US-start-up Mojo has launched a platform resembling a sports stock market where sports fans can invest in the careers of athletes by buying shares of their stocks. Share price appreciation and depreciation are driven by future statistics of athletes and the market’s expectations for players’ performances. Injuries, in turn, have a negative effect on share prices. Users can expect a payout once a given player retires.
The Mojo app has been launched in New Jersey in September and Mojo plans to clear regulatory hurdles in other US states in the near future. The start-up has betting license partnerships with some major gambling companies and emerging online sportsbooks. While the business model of those established companies is based on gamblers losing money to the house on wagers, Mojo aims to generate revenue from small commissions on various in-app transactions.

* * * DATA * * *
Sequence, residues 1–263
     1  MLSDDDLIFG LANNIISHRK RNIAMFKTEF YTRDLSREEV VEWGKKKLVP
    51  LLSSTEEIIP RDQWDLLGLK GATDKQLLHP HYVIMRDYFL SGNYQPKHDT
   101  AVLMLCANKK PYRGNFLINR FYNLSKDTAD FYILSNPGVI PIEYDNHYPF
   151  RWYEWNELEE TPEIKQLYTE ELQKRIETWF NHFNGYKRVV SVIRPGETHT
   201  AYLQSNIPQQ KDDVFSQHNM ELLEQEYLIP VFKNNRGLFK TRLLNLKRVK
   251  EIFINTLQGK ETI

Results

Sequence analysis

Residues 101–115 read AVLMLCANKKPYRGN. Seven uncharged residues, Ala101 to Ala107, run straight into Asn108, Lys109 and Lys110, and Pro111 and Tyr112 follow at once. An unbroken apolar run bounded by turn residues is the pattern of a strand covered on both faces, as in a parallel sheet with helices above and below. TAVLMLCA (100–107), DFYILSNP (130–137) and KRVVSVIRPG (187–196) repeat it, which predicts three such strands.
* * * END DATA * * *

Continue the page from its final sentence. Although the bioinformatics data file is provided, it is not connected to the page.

Interestingly, the licensing and marketing arm of the NFL’s players’ union has invested in Mojo. Hence, the idea of fans directly investing in athletes has attracted the attention of key actors in the sports industry. While players’ associations are interested in redistributing betting revenue among the athletes they represent, the appeal of products such as Mojo for sports fans compared to other betting alternatives has yet to be proven on the market.
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